When butterflies pass away in the Butterflies LIVE! exhibit, it can be a sad and difficult situation to explain to guests. So I try to use that opportunity to explain to guests how fragile and delicate these creatures are. Typically, I will allow guests to touch and feel a butterfly’s wings after they have “ended […]

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Jul 25th, 2015

A Partnership for the Future

My name is Lia Bazemore and I am interning here at Lewis Ginter Botanical Garden through an organization called Partnership for the Future. Partnership for the Future is an organization that provides high schools students in Richmond with college prep courses, personal development workshops, and saving incentives. With the help of business partners, they also […]

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Jul 18th, 2015

Let’s Celebrate Moths

This year’s National Moth Week is July 18 – 26 , 2015, and we would like you to join in the celebration! To help, we’re sharing some key characteristics to help you tell the differences between moths and butterflies. But first, what do they have in common? They both are insects belonging to the Lepidoptera order. In Greek, lepido translates […]

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Jul 14th, 2015

Garden Times Online

Lewis Ginter Botanical Garden’s mission is education and our passion is bringing people and plants together to improve our community. We hope that Garden Times does just that — teaching you something, connecting you to plants, and inspiring you to visit us. As a non-profit working toward more sustainable practices — we’ve uploaded a digital […]

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Jul 5th, 2015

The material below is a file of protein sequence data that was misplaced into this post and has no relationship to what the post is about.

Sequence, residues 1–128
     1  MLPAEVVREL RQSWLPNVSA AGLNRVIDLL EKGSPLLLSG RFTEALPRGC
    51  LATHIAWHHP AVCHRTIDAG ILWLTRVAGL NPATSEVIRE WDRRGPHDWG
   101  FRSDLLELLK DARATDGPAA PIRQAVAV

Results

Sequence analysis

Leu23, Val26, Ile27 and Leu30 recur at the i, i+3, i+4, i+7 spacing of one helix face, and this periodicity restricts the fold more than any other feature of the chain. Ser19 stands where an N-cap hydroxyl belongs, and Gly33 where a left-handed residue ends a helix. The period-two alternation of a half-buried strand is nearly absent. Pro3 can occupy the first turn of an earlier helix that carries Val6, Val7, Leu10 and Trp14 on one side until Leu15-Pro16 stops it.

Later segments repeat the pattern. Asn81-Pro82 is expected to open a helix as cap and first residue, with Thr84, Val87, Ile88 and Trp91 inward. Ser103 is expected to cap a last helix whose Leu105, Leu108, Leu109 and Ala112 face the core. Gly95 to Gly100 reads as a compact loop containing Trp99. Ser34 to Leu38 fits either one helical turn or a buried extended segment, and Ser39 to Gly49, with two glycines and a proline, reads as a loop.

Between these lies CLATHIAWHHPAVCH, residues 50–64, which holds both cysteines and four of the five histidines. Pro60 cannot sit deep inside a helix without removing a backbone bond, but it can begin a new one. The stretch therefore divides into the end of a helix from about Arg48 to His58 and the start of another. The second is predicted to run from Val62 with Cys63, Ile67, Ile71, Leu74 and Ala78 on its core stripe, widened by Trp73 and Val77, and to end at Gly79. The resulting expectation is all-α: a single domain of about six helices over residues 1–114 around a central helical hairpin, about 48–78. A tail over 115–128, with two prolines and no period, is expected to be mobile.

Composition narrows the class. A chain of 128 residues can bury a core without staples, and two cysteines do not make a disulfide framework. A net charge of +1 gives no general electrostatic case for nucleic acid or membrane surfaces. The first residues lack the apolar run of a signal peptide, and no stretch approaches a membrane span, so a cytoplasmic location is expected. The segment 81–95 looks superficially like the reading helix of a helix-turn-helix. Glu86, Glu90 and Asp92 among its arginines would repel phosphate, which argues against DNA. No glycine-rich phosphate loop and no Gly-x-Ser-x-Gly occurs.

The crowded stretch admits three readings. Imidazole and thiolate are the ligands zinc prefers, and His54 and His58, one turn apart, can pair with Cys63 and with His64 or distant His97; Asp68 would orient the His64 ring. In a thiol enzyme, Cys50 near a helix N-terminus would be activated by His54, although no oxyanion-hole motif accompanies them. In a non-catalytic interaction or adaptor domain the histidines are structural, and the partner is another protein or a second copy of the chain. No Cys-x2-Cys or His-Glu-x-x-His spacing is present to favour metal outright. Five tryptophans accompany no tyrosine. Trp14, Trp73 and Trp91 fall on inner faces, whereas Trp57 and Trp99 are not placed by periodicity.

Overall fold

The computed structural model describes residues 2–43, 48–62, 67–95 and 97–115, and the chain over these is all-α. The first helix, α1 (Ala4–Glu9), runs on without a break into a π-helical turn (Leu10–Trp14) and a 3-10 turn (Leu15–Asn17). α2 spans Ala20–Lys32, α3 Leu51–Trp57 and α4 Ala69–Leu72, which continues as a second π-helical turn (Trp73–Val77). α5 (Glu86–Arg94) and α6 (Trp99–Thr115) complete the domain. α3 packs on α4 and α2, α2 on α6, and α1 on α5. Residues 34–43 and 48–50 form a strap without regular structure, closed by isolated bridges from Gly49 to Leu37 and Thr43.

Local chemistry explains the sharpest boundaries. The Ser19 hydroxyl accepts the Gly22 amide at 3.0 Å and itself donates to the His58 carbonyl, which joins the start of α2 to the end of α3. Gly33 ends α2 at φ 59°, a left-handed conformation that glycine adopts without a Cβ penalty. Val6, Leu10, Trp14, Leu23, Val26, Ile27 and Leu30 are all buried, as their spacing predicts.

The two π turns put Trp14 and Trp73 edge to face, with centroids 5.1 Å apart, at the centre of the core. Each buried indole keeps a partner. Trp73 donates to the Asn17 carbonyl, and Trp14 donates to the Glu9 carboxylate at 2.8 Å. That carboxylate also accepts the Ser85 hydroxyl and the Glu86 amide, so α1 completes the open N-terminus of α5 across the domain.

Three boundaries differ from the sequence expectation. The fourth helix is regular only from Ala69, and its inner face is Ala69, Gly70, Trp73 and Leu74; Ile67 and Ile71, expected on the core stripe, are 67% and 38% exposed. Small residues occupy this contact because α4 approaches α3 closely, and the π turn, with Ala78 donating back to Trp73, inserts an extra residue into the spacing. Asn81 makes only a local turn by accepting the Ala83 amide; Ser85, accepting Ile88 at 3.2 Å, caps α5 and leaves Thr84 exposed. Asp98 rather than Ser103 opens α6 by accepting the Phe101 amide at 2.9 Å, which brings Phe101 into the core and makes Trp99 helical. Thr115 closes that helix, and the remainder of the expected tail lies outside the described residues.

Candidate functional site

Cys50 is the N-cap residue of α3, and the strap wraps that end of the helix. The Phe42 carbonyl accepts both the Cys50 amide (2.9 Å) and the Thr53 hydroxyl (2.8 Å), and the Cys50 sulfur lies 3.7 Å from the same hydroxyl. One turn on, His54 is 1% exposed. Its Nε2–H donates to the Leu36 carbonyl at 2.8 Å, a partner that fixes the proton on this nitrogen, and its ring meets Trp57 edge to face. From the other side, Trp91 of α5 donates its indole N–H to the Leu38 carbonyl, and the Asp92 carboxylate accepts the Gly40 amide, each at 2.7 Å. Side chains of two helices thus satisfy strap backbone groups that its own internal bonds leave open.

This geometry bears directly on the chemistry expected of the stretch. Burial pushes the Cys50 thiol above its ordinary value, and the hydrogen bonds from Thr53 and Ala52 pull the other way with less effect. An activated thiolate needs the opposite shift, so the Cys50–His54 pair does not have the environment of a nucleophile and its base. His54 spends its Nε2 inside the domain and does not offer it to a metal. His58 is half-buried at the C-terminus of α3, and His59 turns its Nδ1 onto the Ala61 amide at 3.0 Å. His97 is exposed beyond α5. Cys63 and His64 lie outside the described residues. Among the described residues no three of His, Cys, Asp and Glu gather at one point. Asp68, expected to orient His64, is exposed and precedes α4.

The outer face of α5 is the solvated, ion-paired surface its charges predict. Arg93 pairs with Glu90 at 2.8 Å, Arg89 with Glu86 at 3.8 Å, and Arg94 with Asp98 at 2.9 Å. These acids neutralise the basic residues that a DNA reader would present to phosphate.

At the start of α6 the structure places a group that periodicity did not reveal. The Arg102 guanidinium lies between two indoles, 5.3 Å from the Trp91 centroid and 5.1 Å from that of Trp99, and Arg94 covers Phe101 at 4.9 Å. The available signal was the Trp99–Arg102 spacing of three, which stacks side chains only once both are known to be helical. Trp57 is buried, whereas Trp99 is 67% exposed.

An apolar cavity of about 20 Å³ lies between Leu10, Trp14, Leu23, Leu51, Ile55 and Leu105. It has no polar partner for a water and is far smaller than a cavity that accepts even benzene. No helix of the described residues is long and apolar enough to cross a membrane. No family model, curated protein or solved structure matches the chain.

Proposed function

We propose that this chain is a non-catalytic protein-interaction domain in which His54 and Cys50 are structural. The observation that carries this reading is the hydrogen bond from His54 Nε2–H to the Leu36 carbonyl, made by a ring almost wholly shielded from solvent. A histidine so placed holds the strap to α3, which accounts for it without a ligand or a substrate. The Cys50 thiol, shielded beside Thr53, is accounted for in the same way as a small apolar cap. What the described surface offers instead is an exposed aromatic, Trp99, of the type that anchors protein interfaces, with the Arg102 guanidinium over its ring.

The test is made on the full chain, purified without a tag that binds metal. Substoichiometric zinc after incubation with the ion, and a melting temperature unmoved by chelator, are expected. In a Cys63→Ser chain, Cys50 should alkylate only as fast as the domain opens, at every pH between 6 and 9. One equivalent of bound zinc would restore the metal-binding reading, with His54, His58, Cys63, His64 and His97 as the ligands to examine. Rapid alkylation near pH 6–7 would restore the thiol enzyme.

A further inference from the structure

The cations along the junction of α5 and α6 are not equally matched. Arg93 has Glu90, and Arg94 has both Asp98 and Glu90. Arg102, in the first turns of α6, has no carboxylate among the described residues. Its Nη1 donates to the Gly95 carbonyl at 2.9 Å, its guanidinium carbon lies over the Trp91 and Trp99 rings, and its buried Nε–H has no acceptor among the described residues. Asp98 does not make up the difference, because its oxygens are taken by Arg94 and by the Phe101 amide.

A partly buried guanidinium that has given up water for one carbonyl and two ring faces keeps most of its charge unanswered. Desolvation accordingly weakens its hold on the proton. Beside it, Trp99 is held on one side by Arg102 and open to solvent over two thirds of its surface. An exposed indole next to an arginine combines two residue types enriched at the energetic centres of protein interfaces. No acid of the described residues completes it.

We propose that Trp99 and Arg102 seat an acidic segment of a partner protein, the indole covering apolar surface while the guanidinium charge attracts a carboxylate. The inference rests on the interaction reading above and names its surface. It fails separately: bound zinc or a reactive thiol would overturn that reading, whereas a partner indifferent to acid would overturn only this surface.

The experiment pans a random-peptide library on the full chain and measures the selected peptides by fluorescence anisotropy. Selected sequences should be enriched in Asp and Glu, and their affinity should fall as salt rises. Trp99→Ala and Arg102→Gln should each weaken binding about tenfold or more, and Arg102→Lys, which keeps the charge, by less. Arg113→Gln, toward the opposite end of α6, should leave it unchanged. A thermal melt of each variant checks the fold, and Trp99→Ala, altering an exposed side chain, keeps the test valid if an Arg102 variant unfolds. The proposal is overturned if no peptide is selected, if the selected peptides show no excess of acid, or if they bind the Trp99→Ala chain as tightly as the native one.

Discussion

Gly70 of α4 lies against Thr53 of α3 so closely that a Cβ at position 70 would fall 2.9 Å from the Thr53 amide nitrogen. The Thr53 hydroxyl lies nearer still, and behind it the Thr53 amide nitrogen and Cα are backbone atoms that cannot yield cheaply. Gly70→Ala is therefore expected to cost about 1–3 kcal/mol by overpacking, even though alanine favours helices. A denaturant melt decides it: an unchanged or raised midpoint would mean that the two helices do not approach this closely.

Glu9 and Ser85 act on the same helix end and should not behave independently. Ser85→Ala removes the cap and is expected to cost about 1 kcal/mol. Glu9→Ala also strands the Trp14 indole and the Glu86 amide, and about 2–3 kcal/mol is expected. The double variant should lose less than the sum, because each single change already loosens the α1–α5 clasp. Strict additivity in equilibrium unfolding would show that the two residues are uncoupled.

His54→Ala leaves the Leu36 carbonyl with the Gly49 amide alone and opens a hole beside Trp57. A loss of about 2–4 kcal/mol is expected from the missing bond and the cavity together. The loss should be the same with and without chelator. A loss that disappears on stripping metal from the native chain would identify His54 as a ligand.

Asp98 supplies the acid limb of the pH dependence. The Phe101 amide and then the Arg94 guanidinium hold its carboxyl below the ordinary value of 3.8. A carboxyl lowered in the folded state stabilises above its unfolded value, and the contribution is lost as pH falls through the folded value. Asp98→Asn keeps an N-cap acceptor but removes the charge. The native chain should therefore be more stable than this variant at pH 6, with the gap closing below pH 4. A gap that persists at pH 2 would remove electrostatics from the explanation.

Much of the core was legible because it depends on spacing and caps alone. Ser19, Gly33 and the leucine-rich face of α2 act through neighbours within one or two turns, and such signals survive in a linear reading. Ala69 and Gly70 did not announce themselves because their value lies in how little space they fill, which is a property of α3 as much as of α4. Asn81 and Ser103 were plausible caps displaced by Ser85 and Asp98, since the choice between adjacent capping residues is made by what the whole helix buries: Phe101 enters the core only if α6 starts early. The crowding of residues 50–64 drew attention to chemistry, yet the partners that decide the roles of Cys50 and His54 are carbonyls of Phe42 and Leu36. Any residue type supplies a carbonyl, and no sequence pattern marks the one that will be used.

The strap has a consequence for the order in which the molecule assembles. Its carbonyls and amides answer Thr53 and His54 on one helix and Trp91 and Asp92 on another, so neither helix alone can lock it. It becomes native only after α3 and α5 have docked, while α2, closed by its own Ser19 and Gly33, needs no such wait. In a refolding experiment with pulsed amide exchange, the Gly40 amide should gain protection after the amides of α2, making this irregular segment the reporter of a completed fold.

Rose Rosette Disease

Rose rosette disease is a funny thing.  At first it doesn’t look like there’s a problem with your roses, it just looks like there is alot of new growth, and the foliage is more pliant, more red, and almost furry, instead of prickley.  (Did you know that roses have prickles, not thorns? Botanically speaking, thorns […]

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Jun 29th, 2015

Thanks to the “RAIN” Makers

Thank you RAIN (Richmond Autism Integration Network) for volunteering in the Children’s Garden. This group is not afraid to get dirty and help out in the Garden. Today they mulched and weeded. Amazing! Thank you for the 60+ service hours! If you’re youth group is interested in volunteering at the Garden, please contact Nicki Apostolow, […]

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Jun 26th, 2015

Southern Icon’s Ancient Secret

A southern summer wouldn’t be complete without the sweet smell of the southern magnolia blossom. Magnolia grandiflora, an icon of the South, is such a marvelous tree. Its large shiny evergreen leaves and large, showy, fragrant blossoms are a splendid addition to any southern garden. Here at Lewis Ginter Botanical Garden we have several wonderful […]

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Jun 18th, 2015

Thank You Butterflies!

This week, June 15 – 21, is National Pollinator Week. Pollinators are essential to our food supply and natural environment. Did you know that one in three bites of everything we eat is thanks to a pollinator?  One way you can help pollinators is by planting host and nectar plants for native butterflies and bees! Other pollinators […]

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Jun 17th, 2015

Lunch with the First Lady

It’s been two weeks since Lewis Ginter Botanical Garden sent Amina Abdulkadir and Lilah Monroe to help with the season’s first harvest in the White House Kitchen Garden — yet the two still can’t quite believe it. As Amina said: “It’s not every day you meet the First Lady!” Amina, a fourth-grader at Ridge Elementary, […]